Studies assess economic, environmental effects of antimicrobial drug use on hog farms

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The use of subtherapeutic doses of antimicrobial drugs may drive down hog prices and lower profits for the entire hog industry at the same time that individual hog producers gain, a new government report says.

According to the report by Kenneth H. Mathews Jr of the USDA's Economic Research Service, the hog industry as a whole could have increased its net gain by about $7 million in 1999 if this type of antimicrobial use had been banned.

Using past studies and general economic data from the swine industry, Mathews arrived at this figure by developing a model simulating what would have happened in 1999 if none of the nation's hog farmers had used subtherapeutic doses of antimicrobials. The conclusions were based on the assumption that one-fourth of swine farmers used antimicrobials that year, a figure the author calls conservative.

Antimicrobials boost production and increase supply, thereby decreasing prices. Had they not been used in 1999, the model predicted that the average price of hogs for the year would have gone up to $34.80 per hundredweight from $34.02.

Although the price boost would have resulted in larger profits, feed costs also would have increased for producers who ceased their use of antimicrobials. The drugs increase feed efficiency, so halting their use would require producers to feed animals more to attain the same weight. However, only the producers who used antimicrobials would have had to purchase an increased amount of feed if the antimicrobials were not used, even though price increases affect all producers. Those particular producers—the fourth of all swine farmers—would have lost a total of $45.5 million, even as the industry increased profits overall.

This hypothetical "thought experiment," the report says, could also be influenced by factors such as the increase in feed costs likely if demand for feed increased and the veterinary costs associated with the use of antimicrobials.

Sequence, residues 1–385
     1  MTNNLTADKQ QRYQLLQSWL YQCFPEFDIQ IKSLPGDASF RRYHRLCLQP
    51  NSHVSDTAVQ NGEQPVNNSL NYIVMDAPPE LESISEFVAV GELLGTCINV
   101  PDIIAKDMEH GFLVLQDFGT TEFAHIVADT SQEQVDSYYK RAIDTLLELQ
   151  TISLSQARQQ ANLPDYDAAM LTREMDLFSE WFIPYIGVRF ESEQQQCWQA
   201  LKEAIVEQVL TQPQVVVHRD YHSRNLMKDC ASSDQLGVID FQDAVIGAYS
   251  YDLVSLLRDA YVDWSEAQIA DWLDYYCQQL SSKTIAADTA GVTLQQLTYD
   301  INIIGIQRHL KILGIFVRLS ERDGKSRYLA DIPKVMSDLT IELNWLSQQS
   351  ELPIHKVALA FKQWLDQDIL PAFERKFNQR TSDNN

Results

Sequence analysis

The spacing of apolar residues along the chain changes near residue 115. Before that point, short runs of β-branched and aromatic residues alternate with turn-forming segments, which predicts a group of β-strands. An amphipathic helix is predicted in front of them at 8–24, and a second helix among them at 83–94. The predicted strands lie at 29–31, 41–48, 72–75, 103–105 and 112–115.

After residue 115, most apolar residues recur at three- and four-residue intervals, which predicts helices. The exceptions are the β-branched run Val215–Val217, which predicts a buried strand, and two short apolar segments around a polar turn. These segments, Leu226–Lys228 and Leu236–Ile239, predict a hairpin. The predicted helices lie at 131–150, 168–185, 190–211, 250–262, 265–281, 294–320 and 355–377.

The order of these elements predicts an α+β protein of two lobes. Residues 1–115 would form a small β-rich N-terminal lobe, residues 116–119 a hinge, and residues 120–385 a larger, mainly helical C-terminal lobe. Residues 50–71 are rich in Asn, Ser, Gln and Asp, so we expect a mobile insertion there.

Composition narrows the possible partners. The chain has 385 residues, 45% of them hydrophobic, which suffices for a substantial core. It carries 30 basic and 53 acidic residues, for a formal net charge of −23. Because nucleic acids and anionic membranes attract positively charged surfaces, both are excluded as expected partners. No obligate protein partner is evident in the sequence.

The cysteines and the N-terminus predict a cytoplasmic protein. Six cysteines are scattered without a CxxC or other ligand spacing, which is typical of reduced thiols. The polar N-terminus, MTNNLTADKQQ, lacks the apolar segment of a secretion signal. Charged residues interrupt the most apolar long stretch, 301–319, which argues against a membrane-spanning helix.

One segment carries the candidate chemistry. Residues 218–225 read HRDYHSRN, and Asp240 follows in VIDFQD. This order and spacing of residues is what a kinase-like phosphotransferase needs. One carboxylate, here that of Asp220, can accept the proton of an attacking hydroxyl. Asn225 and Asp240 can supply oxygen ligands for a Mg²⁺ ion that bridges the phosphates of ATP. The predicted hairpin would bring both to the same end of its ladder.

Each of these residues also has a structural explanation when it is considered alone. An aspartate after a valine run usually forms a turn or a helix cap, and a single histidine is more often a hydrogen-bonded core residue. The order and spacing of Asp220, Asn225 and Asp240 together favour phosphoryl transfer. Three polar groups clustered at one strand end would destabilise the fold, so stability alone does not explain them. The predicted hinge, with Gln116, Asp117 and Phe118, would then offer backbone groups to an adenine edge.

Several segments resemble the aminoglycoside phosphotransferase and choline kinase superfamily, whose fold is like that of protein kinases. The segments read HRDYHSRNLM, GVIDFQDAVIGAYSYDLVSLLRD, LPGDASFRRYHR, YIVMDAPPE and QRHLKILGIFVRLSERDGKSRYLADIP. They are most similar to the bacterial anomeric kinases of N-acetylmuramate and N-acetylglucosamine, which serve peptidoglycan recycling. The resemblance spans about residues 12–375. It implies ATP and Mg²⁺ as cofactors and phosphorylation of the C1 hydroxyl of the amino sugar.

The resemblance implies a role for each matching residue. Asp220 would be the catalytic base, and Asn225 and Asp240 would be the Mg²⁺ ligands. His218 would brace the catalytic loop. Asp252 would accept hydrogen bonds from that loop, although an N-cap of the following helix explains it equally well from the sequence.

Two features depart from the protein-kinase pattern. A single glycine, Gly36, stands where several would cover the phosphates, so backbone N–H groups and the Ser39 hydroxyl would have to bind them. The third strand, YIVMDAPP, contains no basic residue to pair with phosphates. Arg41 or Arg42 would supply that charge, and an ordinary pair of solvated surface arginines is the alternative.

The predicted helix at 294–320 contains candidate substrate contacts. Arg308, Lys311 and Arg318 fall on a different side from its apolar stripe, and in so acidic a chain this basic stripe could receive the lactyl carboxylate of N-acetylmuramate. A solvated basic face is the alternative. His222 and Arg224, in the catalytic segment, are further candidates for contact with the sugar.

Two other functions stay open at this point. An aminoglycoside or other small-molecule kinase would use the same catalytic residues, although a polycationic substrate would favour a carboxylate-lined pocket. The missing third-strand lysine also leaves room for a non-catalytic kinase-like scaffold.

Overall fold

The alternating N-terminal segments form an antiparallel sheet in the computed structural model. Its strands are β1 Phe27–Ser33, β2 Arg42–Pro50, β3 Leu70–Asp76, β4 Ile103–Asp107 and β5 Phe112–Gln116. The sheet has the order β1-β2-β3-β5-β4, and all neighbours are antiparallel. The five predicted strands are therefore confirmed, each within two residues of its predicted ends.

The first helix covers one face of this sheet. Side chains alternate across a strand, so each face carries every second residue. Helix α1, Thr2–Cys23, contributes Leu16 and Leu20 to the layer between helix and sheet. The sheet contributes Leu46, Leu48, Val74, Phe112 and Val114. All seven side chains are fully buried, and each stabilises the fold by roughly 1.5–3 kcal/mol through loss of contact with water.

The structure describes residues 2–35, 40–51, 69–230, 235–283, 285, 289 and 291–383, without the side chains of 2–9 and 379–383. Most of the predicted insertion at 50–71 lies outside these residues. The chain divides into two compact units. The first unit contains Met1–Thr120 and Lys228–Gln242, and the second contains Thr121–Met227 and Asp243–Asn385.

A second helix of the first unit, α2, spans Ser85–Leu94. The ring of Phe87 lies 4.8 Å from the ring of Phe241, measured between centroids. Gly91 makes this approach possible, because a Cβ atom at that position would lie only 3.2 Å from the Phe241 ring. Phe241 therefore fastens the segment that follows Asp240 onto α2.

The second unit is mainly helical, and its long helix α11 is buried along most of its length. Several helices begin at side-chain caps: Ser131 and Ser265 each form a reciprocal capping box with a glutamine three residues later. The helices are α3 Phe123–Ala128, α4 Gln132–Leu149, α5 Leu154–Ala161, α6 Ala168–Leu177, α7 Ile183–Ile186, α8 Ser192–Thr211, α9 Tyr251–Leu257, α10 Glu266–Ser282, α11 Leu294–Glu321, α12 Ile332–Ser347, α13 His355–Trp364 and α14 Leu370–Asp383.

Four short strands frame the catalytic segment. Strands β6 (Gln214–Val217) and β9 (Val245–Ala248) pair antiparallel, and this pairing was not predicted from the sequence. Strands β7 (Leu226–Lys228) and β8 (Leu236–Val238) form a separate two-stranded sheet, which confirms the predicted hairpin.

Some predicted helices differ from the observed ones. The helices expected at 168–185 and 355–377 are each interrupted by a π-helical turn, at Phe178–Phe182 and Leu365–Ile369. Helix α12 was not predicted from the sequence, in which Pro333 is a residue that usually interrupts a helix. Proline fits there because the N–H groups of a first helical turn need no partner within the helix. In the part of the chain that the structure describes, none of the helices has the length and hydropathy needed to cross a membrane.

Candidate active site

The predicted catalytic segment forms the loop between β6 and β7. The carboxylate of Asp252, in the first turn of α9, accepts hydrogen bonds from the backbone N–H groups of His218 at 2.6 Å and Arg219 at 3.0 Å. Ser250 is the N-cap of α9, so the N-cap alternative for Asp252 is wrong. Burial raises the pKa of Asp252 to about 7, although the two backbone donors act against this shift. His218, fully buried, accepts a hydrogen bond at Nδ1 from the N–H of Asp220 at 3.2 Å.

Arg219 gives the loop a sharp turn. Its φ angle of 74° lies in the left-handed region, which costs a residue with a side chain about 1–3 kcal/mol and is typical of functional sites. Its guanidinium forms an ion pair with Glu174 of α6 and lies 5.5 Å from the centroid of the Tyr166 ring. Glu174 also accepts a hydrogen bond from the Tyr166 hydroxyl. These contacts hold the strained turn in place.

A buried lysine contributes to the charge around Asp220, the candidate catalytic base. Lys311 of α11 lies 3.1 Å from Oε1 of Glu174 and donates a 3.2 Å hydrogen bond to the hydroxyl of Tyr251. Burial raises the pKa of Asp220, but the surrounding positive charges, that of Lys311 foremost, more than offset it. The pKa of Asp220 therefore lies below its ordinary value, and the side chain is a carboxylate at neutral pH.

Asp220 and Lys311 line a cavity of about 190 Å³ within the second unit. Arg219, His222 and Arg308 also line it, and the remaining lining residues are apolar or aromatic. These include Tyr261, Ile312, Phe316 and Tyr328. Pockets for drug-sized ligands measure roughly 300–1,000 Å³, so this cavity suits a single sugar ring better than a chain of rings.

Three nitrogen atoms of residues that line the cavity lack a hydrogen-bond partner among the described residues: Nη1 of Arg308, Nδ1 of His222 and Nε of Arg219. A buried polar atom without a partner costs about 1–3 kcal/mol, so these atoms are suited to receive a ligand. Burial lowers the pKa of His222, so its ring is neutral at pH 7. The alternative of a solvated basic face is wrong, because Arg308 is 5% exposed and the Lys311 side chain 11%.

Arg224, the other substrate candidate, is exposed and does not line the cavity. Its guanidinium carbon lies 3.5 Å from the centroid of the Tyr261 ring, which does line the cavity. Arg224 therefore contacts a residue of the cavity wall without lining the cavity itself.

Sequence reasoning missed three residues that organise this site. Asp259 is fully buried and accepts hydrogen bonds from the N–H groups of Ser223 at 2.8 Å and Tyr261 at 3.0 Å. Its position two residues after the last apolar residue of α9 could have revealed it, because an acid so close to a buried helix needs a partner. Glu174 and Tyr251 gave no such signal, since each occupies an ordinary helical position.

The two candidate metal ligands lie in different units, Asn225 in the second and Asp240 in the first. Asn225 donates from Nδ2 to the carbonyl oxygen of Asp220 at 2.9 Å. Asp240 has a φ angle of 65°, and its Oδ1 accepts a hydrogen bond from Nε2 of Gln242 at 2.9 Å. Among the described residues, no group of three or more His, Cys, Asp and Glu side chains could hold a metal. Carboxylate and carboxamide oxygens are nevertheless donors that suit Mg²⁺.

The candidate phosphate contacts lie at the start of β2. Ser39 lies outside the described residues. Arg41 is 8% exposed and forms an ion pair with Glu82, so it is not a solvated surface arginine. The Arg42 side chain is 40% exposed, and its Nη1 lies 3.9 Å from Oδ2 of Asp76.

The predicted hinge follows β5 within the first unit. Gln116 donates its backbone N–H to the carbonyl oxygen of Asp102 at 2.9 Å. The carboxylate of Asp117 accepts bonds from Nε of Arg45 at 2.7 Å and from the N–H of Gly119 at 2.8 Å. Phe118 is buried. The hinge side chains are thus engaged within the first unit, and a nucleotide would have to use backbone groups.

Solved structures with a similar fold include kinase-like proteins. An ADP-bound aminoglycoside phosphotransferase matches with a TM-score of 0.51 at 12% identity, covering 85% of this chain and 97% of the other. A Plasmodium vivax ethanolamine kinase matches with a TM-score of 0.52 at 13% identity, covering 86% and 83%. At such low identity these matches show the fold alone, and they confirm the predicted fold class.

The report also looks at past studies of the economic impact of bans on the use of subtherapeutic doses of antimicrobials in livestock—most of which predicted higher prices for both producers and consumers under a full or partial ban. Summarizing the findings of earlier studies, Mathews concludes "a ban against using antimicrobial drugs in livestock production would come with a cost." Neither these studies, nor Mathews' model, addressed the effects of antimicrobials on resistant bacteria or human health.

The Animal Health Institute hailed the report as providing valuable perspective on the debate over antimicrobial use in food production.

"Antibiotics are important tools in the toolbox farmers use to keep animals healthy and to efficiently produce food," said Alexander S. Mathews, president and CEO of AHI, in a statement. "Consumers benefit from a safe, wholesome, abundant, and more affordable food supply."

As the USDA calculated the economic effects of subtherapeutic antimicrobial use, a group of researchers at the University of Illinois at Urbana-Champaign released a study assessing some of the environmental effects of feeding the drugs to livestock.

Roustam I. Aminov, a visiting professor of animal studies, led a team that identified the genes of bacteria resistant to tetracycline in groundwater about a sixth of a mile from two swine facilities that use antimicrobials. Using a polymerase chain reaction assay, the researchers identified the genes and found them similar to resistance genes in the gastrointestinal tracts of pigs.

"The elevated frequencies of these genes in the environment surrounding the farms were consistent with the hypothesis that this occurrence was the result of gene flow from the animals," Aminov said in a statement.